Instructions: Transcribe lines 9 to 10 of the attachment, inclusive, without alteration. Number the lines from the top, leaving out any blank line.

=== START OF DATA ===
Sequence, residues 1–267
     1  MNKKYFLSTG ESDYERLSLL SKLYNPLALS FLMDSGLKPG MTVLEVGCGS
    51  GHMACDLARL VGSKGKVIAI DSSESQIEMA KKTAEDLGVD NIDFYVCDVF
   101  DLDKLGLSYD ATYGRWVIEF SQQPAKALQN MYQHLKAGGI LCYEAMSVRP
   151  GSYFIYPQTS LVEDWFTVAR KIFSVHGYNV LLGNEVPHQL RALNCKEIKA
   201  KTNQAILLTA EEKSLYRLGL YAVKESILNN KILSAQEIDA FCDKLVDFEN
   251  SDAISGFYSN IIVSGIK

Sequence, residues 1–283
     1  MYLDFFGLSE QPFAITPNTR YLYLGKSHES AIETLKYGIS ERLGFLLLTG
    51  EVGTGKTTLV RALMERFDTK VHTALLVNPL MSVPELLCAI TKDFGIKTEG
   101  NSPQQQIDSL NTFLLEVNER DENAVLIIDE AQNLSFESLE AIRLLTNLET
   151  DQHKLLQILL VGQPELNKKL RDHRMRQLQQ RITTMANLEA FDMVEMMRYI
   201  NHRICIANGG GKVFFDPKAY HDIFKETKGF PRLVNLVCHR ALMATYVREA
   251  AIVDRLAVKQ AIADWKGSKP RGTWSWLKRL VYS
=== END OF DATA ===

     1  MYLDFFGLSE QPFAITPNTR YLYLGKSHES AIETLKYGIS ERLGFLLLTG
    51  EVGTGKTTLV RALMERFDTK VHTALLVNPL MSVPELLCAI TKDFGIKTEG